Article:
A CBDC is a digital currency that is issued by a central bank. It is similar to well-known cryptocurrencies in that it operates on a digital-only framework.
The House of Lords recently announced it was opening an enquiry into Central Bank Digital Currencies (CBDCs) with a public call for evidence. This follows a detailed discussion paper on ‘New Forms of Digital Money’ released by the Bank of England, the UK’s central bank, several months ago. The paper sought to understand what a CBDC could look like in the UK, a question governments and central banks all over the world are now looking at.
But what is it, and why is the Bank of England considering issuing one? What could this mean for payments not just in the UK but internationally? We explore these questions and give our thoughts on their implications below.
As the name would suggest, a CBDC is a digital currency that is issued by a central bank. It is similar to well-known cryptocurrencies in that it operates on a digital-only framework.
However, it being issued and regulated by a central authority obviously goes against one of the core values of cryptocurrency. It also differs from existing ‘digital money’, which is held by commercial banks and used to electronically transfer money from one bank account to another. Instead, a CBDC can be thought of as a digital banknote - an electronic sum of money that is issued directly by the central bank.
Any UK CBDC would be denominated in pounds sterling, meaning that £10 of CBDC would always be worth £10 GBP. This represents one of the most important deviations between a CBDC and a cryptocurrency such as Bitcoin. The vast majority of cryptocurrencies are not backed by another asset, which is one reason why their price can fluctuate so wildly.
The concept of the central bank using digital money is not a new one. Currently, commercial banks and other institutions can hold electronic money in the form of central bank reserves. This allows banks to send payments to each other digitally. However, a CBDC would be open to households and businesses as well as banks.
At the heart of a CBDC would be either a centralised or distributed ledger owned by the central bank, recording all transactions made. Through API technology, this would then connect to Payment Interface Providers (PIPs) - authorised, regulated firms that provide easy-to-use front ends which connect users to the CBDC. These PIPs would work similarly to how bank accounts operate now.
There is no plan for a CBDC to replace other forms of cash and there would be no obligation for people to switch to using the CBDC.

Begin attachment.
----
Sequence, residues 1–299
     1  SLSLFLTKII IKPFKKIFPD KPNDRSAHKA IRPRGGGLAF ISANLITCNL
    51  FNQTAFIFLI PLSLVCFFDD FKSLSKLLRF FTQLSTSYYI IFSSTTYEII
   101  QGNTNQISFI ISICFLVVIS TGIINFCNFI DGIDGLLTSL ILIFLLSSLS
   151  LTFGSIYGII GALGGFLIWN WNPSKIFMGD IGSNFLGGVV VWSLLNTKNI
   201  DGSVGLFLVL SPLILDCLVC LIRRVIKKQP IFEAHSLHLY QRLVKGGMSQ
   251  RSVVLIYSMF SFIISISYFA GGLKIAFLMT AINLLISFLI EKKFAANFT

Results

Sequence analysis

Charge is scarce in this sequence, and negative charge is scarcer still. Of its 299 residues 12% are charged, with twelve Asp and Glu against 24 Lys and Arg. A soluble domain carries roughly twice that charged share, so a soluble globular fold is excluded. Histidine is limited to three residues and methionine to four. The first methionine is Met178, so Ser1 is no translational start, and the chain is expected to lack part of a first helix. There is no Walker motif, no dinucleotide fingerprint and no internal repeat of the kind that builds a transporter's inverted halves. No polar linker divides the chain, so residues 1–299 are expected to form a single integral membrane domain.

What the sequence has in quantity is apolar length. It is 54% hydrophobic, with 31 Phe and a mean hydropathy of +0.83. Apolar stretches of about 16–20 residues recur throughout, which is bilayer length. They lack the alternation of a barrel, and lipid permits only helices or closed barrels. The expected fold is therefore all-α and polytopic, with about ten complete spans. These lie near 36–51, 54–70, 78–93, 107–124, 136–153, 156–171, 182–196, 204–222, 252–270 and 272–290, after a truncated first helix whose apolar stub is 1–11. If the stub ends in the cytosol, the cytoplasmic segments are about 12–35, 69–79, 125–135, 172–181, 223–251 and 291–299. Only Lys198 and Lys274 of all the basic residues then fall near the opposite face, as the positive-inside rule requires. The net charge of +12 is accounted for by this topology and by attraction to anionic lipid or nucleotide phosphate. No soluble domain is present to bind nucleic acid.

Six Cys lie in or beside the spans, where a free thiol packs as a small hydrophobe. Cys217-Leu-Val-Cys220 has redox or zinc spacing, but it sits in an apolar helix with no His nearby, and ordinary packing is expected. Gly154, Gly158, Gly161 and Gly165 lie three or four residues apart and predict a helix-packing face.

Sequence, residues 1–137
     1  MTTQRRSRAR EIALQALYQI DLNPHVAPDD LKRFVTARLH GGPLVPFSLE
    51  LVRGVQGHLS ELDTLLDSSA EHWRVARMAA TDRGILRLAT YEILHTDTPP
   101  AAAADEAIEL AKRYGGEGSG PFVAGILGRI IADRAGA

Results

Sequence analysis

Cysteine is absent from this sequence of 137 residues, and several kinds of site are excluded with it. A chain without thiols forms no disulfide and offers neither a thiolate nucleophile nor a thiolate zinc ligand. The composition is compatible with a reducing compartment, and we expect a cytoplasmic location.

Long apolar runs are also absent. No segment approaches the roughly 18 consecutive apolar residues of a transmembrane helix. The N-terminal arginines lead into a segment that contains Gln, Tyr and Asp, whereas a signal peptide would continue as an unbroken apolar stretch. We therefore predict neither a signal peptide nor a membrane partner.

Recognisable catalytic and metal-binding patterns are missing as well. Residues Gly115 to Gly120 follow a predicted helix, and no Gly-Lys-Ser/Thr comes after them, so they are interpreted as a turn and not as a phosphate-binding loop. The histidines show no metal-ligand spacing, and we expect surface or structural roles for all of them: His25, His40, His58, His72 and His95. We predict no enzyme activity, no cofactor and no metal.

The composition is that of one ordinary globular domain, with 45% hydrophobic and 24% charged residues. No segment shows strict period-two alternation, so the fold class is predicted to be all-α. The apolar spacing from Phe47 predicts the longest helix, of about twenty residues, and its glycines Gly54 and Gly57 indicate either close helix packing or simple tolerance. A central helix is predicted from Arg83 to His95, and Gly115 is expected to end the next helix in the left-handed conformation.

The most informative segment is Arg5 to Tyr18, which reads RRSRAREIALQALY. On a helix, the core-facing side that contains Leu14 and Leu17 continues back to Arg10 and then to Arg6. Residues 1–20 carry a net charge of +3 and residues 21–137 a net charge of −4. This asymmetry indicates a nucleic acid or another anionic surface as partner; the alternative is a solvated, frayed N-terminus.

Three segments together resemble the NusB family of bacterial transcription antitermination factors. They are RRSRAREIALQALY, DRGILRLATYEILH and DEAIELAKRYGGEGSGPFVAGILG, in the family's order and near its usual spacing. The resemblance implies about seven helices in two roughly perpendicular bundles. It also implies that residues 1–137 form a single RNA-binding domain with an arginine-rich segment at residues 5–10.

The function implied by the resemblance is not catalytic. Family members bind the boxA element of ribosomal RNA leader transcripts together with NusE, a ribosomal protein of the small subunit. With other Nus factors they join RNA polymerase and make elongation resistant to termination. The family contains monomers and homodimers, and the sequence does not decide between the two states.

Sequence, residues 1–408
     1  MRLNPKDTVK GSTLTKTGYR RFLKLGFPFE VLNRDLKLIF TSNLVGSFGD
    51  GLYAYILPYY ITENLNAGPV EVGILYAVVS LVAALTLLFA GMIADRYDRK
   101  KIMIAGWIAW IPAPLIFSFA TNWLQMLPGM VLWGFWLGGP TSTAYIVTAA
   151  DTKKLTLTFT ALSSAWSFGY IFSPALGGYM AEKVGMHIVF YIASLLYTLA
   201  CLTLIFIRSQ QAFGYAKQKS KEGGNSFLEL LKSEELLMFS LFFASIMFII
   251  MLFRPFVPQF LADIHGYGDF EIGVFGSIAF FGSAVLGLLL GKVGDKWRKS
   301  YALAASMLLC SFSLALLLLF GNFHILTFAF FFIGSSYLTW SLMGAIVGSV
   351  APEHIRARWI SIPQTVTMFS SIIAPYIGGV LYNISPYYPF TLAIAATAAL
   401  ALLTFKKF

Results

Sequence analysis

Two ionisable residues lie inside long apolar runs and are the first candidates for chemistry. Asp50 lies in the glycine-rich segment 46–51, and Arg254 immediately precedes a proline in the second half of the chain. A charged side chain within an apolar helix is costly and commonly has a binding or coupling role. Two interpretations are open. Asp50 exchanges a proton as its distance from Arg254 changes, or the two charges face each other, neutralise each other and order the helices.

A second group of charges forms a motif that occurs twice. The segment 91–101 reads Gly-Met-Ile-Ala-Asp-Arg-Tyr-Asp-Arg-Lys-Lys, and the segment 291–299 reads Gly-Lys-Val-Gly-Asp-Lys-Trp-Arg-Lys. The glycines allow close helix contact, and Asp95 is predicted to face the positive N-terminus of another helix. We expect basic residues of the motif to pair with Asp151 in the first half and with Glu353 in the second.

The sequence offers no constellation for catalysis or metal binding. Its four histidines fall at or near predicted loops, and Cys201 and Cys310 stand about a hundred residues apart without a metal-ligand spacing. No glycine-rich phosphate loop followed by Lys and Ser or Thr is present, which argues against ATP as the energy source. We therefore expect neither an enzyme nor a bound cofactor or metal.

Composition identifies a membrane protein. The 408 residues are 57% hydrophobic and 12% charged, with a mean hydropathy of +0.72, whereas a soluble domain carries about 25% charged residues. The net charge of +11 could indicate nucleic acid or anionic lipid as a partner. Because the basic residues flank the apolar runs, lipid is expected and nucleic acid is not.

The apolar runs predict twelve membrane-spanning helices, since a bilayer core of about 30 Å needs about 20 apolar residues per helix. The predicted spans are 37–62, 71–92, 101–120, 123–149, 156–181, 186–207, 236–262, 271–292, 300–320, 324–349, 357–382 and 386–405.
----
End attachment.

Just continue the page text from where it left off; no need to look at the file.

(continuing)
Payments innovation: The lightweight nature of a CBDC, as with all digital currencies, opens payments up to a tremendous amount of innovation. There are countless ways this innovation could unfold, but some that the Bank of England have identified include:
‘Programmable money’ - transactions only going through based on certain automatic rules or events.
Automatic taxation routing.
The government being able to send money to individuals directly.
Micropayments becoming a possibility - spending 10p to read an article instead of having to pay a month's subscription, for example (sending such small amounts is currently not economical).
Electricity meters paying suppliers directly based on specific power usage.
Addressing decline of cash: Cash has been in decline for some time now and a well designed CBDC could still keep the benefits of cash, such as privacy, while bringing a host of modern advantages. It could also focus on financial inclusion, targeting those currently underserved by digital banking.
Improved cross-border transactions: Cross-border transactions still lag far behind domestic due to a number of reasons. The central bank could connect with other CBDCs and make cross-border transactions faster, cheaper and easier.
It will be interesting to see the results of the House of Lords enquiry, but generally speaking this is a positive step forward taken from the BoE. We know firsthand the incredible changes innovation within payments can bring and see exciting things being done with digital currencies on a daily basis.
Whether the adoption of a CBDC would aid or hinder the development of cryptocurrency is yet to be seen, but either way, the future of payments looks bright for the consumer.
Despite the crypto industry’s success, it has been underserved by traditional financial services. This may finally be changing.